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Showing posts from July, 2016

Mel's Take-Aways: #30daysoftesting

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"Happiness lies in the joy of achievement and the thrill of creative effort."  - Franklin D. Roosevelt
I found the exercise of #30daysoftesting a great way to think of other day-to-day things that I know I automatically apply my testing process to. While I wasn't successful at completing all of the challenges, I did a large number of them. A few I posted out on twitter and some I kept to myself or took notes of for future reference. 
Here are some of the highlights from the #30daysoftesting I enjoyed:
#2 - Take a picture of something you are doing at work - This was probably pretty creative for many of us that have NDA agreements. Mine was happenstance since I was installing SQL manager on Windows 10. I had a lot of woes that day, but I worked them out. 
#7 - Find an accessibility bug - While I didn't find a bug exactly, this was the inspiration, along with the movie Finding Dory to write something more about accessibility problems and issues with software and how t…

Pulp Fiction Testing

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"I'm here to help. If my help's not appreciated, lots of luck, gentlemen." - The Wolf
I've had this concept in my head for a while. I feel like it fits the software industry as much as it fits the fictional mob world of Quentin Tarantino's classic "Pulp Fiction". Maybe it's a little far fetched, but stay with me here and let me tell a story.

It's about makers and fixers. Makers make stuff, and fixers fix stuff. Simple concept, mostly. It's an idea that coders are basically guns for hire. They come in, they get an assignment, they make the code. They ride off into the sunset, or collect their pay, or wait around for another job; whatever analogy you want to apply there, but they do the thing that needs doing. They make stuff happen.



But then, in the process of making things happen, something else happens that was an unintended consequence of doing the thing that they were told to do.




What happens then? If you are looking square at a pro…

What are your "Top Five" - in Testing?

It's not how you do it, it's how you do it together.  Ah testing. It's a passion. It's a lifestyle. For some of us more than others. We can't help but think about testing, and think about how that fits in our lives and what we can do with it. 
While watching "Top Five", in which a great story about being true to yourself and finding your passion after a lot of life happens to you, I got this idea, about what would be my top five in testing. In the movie it was music which I think could apply to my life as well. I have a hard time making a top five of music or musicians, but of testing, I think it would be much easier, and even more to the point.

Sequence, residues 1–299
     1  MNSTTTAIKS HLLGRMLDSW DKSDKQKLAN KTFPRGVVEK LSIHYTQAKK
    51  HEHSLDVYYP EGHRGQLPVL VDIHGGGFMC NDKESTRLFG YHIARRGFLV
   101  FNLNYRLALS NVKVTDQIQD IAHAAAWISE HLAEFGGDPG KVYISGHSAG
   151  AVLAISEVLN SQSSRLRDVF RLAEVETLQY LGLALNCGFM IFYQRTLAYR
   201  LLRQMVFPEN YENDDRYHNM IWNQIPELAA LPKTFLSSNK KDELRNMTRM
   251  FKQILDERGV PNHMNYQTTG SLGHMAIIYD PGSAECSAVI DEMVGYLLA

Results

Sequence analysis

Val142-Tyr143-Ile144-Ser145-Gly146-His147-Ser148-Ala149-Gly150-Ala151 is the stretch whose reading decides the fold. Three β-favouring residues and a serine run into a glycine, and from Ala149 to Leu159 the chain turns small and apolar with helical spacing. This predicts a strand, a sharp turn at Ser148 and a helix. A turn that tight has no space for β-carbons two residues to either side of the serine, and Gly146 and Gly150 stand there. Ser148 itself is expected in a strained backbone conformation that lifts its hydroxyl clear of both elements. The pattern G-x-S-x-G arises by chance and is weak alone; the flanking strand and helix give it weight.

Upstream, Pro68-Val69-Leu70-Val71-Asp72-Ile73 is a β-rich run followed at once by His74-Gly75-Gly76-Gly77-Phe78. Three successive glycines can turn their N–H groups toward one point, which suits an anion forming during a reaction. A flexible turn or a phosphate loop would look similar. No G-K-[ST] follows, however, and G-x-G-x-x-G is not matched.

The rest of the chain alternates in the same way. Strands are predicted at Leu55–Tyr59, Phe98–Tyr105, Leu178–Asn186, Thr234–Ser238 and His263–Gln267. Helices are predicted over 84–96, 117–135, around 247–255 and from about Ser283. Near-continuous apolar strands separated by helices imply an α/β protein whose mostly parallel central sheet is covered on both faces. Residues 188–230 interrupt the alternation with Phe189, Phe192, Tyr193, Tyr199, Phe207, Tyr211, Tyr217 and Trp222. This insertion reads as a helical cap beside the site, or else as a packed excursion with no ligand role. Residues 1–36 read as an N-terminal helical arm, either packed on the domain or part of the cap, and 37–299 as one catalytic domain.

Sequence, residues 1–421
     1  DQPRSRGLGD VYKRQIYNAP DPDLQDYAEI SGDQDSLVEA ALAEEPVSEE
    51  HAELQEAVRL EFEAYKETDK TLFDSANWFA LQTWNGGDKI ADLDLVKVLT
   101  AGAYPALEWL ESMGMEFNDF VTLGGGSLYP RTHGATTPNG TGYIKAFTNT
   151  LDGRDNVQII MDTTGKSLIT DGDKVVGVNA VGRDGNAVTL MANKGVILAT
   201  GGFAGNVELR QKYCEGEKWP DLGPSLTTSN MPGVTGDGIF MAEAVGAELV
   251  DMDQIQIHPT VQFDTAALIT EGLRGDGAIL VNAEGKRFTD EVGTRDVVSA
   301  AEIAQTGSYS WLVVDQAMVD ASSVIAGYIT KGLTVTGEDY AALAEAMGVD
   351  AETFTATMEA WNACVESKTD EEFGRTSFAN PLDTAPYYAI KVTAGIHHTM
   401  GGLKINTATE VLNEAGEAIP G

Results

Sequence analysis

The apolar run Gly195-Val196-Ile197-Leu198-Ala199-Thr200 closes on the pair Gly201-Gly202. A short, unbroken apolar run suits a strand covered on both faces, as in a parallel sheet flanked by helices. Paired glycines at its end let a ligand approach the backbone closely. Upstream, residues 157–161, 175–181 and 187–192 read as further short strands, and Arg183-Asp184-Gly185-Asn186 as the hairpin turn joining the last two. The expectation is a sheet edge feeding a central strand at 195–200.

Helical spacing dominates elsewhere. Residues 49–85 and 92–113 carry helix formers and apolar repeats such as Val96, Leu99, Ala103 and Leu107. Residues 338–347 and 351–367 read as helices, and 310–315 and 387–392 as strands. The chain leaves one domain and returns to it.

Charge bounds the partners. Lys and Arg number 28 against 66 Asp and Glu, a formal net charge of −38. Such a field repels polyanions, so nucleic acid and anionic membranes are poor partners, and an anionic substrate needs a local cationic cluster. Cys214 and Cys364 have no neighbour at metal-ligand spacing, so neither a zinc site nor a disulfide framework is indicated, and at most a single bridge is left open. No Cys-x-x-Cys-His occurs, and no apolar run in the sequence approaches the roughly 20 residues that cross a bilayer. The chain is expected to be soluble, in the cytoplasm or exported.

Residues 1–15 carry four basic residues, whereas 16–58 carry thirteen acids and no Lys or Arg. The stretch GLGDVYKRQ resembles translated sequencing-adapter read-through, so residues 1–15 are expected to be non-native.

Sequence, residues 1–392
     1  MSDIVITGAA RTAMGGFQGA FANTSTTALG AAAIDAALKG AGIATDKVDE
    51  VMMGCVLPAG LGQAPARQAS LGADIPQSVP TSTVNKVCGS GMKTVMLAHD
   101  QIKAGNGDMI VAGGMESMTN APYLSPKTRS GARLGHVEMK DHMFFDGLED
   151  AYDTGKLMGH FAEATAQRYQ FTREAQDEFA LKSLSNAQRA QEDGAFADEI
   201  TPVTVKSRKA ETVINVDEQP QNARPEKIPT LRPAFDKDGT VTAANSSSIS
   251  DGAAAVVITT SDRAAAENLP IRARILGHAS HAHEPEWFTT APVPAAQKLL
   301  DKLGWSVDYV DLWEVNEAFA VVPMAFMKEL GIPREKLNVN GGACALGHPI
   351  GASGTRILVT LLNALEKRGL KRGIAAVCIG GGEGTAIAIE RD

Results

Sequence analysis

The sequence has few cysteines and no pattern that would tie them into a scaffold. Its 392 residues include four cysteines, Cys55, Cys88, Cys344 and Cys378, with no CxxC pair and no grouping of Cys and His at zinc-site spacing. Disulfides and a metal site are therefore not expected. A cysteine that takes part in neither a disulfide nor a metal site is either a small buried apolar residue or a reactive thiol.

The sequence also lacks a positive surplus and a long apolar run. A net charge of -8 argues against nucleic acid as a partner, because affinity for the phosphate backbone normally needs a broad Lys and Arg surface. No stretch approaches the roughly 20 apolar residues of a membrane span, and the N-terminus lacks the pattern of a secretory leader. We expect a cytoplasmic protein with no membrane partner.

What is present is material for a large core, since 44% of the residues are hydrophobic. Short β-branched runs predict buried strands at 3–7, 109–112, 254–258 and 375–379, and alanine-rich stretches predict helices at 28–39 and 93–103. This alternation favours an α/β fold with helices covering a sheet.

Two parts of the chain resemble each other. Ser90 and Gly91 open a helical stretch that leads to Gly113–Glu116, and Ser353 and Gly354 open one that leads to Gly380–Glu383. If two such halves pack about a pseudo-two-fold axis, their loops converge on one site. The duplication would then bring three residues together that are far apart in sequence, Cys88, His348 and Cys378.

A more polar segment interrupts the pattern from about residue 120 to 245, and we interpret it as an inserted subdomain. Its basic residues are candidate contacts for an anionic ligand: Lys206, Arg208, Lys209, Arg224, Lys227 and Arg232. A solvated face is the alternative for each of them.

So here goes, my top five in testing, in no particular order:

Usability - because seriously, it should be the top of every tester's list to make the internet a better place. And if not the internet, maybe just the app you are working on right now.

 Data - I love me some serious queries. I love writing them, or …

Finding Dory - The Nature of Usability

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"I remember!" - Dory
Being in a crowded cinema is sometimes a good and a bad thing. I've been spoiled by the recent trend to have cinema houses with hard limits on when children can be in the audiences, cell phone use and even talking to your neighbor.

If you don't have one of these places where you can have a pint and watch a movie, I definitely recommend it. It does wonders for those moments where you are just in the movie and don't want the interruptions.

SPOILERS POSSIBLY AHEAD, oh and TESTING STUFF
First off, Dory's parents are freaking geniuses. Dory reminds me, often, in this case, of setting a user off in a world on their own, and figuring out very quickly you need to set some parameters for that user, or they could get lost or hurt or worse. Her parents immediately take steps to remedy many of the things about their environment that could pose problems for Dory. And they sorta work, but at the same time, they are seeing the small failures and tryin…

Mel's Prediction Corner: Windows 10 - Is it the next Windows XP?

I recently got a new laptop at work. Considering how often that happens, I was surprised I was one of the first people on the list to get a new machine. Granted, a lot of people in my office use Mac laptops. I myself have worked with a Mac laptop for a year or so at one job and eventually grew to like it for the most part. However, I have been in the PC camp for most of my career. Actually, most of my childhood too.

My first computer was a Tandy SL 1000. I suspect it was cheaper than a Macintosh and my mom was able to get it with a line of credit. My mom was ever definition of the early adopter. She loves her tech and I think that passed down to me. Though I do tend to wait something out to see if it's a "fad" or something that will actually be usable.

Our company has a contract with Dell, so out with the old Latitude circa 2010 and in with the Latitude E5470 (Interesting part of that article is saying it's great for Win 7 Pro users and it was from this year!)

This c…